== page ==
15 of 17 people found the following review helpful
My enjoyment was no lie,
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This review is from: Company of Liars (Paperback)
I know you shouldn't judge a book by its cover, still less let it determine whether or not to buy, but sometimes a book seems so alluring that I can't help but reach for the wallet. I've often been disappointed, sifting through many rubbish books to find the odd gem, but fortunately the Company of Liars manages to both capture and sustain the imagination over 500 pages.
"It is 1348, the plague has come to England, and the lies you tell will be the death of you." The book is set in an England still mercifully free of the bubonic plague that is rife across the continent. Rumours are rife, of cities devastated, populations wiped across Europe. But the plague can't reach England, can't carry across the seas?
The book opens with the narrator, Camelot, a peddler of holy relics and saintly artefacts, deciding to try and head east to escape the plague which has just made landfall in Bristol. Along the way he inadvertently and somewhat unwillingly picks up a motley crew of travellers. Flung together by quirks of fate and a shared desire to escape the ravages of plague, their stories, lives and lies gradually unfold and unravel.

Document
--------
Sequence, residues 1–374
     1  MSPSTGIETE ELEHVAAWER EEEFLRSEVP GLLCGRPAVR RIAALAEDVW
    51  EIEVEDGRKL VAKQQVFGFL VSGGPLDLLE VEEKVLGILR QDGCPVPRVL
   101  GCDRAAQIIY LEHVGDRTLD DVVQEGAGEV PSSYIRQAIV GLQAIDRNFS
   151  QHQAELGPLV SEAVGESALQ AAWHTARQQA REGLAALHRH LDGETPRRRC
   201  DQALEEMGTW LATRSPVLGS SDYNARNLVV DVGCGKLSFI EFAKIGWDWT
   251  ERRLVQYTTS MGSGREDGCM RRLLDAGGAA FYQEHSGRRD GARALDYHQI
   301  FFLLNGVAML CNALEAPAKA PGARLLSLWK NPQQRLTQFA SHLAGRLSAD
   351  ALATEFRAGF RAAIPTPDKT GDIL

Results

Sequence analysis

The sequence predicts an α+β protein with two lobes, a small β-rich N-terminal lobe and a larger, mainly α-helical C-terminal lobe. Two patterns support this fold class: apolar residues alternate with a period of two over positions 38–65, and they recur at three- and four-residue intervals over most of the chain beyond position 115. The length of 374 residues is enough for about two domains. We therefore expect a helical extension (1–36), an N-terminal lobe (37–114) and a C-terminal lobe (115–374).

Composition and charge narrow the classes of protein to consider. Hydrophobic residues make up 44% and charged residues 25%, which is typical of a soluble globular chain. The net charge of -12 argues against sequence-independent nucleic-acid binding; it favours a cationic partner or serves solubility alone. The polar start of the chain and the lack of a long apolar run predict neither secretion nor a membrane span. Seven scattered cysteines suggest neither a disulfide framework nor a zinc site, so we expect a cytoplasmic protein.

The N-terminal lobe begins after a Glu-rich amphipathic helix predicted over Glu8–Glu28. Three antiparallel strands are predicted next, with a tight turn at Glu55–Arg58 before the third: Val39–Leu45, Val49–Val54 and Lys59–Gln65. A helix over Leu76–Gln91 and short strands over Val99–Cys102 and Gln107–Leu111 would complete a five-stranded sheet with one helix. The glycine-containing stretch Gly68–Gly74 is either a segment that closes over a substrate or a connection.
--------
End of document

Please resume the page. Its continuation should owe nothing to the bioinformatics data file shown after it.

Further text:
Karen Maitland has managed to do two things which writers of historical fiction are rarely able to combine so deftly. She has impeccably researched the period, and the sense of place and time permeate the book. But she has also woven a story so rich and enticing that it is difficult to put down. The characters are teased out gently, seeming both of the time and yet escaping the clichés of period folk.
The only criticism I have is that some of the key revelations and plot developments were pretty obvious, but this is a minor point as it did not seem to reduce the tension or anticipation.
It has been a long time since I have read a book so quickly, with such gusto and enjoyment. I thoroughly recommend it.